Blind Matter: On The Economy of Images
MUMA / Monash University Museum of Art, Melbourne, Australia
7 August – 14 September 2016
Blind Matter draws together a diverse range of works in which filmmakers and artists have sought to explore the economies of images. From reflections on the potential of plastics – the trade of fossils, creation of images of desire – to new worlds mined within virtual spaces, these works complement Nicholas Mangan: Limits to Growth, and the way in which the exhibition reflects on the relationship of art and abstraction to processes of value creation. Taking its title from Victor Hugo’s statement ‘Man makes blind matter serve him’, the program seeks to reflect our relationship to matter in an age of globalisation and the increasingly mediated nature of our interactions with matter. Featuring works by Harun Farocki, Beatrice Gibson, Lucy Raven and Alain Resnais.
The programme was curated to accompany Nicholas Mangan’s exhibition Limits to Growth while I was participating in the Monash Art, Design & Architecture artist in residence program 2016.
The Power of the Market: The Pencil (Milton Friedman, USA, 1980, 2.30min)
‘Look at this lead pencil. There’s not a single person in the world who could make this pencil.’ – Milton Friedman
In his famous polemical parable of the pencil, the economist Milton Friedman, describes with awe the wonders and supposed inevitability of the free market as a means to both liberate people and eventually bring about world peace. This short speech, extracted from the 10 hour PBS documentary series Free to Choose, seen in the light of the recent financial crisis, displays the utopia thinking behind neo-liberalism. In regarding the simple pencil, Friedman describes the global labour and industry behind it, demonstrating that interconnected markets cooperated across language, religion and belief, enabled by the ‘magic’ of the market to create this simple product.
La chant de la styrène / The Song of Styrene (Alain Resnais, France, 1959, 19 min)
This early essay film by Alain Resnais is a celebration of the potential of plastics. Shot in striking colour, the film is a paean to the abstract qualities and malleability of this new material. Providing a fascinating insight into the optimism behind plastics prior to realisation of the stark environmental damage their production causes, the film also anticipates the potential of the material only now being realised with the advent of 3D printing. Le chant du Styrène / The Song of Styrene was commissioned by French industrial group Pechiney to highlight the merits of plastics with a commentary by Raymond Queneau composed in Alexandrines, the film examines with futurist zeal the abstract potentials of an emergent age of plastic.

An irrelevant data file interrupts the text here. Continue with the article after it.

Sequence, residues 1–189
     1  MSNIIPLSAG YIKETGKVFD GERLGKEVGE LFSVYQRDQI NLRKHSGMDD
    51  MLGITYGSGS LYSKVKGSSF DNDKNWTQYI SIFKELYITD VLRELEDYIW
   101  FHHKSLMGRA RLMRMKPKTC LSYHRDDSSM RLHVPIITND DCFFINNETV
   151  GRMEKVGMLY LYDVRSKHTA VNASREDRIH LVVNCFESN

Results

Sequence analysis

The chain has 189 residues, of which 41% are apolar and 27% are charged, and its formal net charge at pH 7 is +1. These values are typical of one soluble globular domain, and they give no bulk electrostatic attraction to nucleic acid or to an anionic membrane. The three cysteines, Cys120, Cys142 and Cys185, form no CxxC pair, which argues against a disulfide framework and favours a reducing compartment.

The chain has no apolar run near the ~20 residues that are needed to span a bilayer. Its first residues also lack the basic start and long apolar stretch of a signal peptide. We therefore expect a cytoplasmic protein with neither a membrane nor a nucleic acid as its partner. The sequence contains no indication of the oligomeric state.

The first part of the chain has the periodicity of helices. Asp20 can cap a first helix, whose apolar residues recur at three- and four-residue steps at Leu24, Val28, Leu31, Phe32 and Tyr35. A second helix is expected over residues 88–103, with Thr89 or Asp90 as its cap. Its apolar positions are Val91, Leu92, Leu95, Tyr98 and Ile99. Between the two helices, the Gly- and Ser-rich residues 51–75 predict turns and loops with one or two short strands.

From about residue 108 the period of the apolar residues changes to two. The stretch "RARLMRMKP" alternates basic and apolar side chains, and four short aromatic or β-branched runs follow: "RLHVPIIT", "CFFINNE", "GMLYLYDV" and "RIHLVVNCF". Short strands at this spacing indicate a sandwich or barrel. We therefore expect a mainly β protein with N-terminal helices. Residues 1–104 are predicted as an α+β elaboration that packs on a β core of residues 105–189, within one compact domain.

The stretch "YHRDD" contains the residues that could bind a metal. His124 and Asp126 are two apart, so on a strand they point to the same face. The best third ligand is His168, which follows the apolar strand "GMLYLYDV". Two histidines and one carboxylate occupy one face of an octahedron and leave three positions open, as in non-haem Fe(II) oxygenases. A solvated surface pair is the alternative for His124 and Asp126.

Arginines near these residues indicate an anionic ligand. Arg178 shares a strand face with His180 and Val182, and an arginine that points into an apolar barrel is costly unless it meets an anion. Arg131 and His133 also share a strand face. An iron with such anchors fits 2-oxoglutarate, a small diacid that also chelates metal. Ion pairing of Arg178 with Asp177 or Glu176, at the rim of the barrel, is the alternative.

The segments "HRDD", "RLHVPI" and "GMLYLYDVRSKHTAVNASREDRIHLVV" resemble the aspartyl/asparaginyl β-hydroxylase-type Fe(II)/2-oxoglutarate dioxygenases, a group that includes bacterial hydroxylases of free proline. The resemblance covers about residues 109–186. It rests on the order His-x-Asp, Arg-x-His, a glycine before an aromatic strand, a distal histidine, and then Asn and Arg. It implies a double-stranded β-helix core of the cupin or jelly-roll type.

Ein Bild / An Image
Harun Farocki, Germany, 1983, 25 min
Four days spent in a studio working on a centrefold photo for Playboy magazine provided the subject matter for my film. The magazine itself deals with culture, cars, a certain lifestyle. Maybe all those trappings are only there to cover up the naked woman. Maybe it’s like with a paper-doll. The naked woman in the middle is a sun around which a system revolves: of culture, of business, of living! (It’s impossible to either look or film into the sun.) One can well imagine that the people creating such a picture, the gravity of which is supposed to hold all that, perform their task with as much care, seriousness, a responsibility as if they were splitting uranium. This film, An Image, is part of a series I’ve been working on since 1979. The television station that commissioned it assumes in these cases that I’m making a film that is critical of its subject matter, and the owner or manager of the thing that’s being filmed assumes that my film is an advertisement for them. I try to do neither. Nor do I want to do something in between, but beyond both.’ – Harun Farocki, 1988
The Deccan Trap (Lucy Raven, USA, 2015, sound by Paul Corley, 4:19 min)
‘The Deccan Trap is a sci-fi fable that goes back in space and time, from some of the newest 3D images being produced in India—at post-production studios in converting outsourced Hollywood films from 2D to 3D—to some of the oldest—bas-relief carvings in Ellora’s rock cut temples in Madhya Pradesh.’ – Lucy Raven
F for Fibonacci (Beatrice Gibson, UK, 2014, 16 min)
F for Fibonacci develops a particular episode from JR, in which a televised music lesson is scrambled with a maths class on derivatives inside the mind of its child protagonist. Musings on aleatory music become muddled with virtual stock pickings and a theory of ‘market noise’. Unfolding through the modular machine aesthetics of the video game Minecraft, text book geometries, graphic scores, images from physics experiments, and cartoon dreams, blend with images from wall street: stock market crashes, trading pits, algorithms and transparent glass. – Beatrice Gibson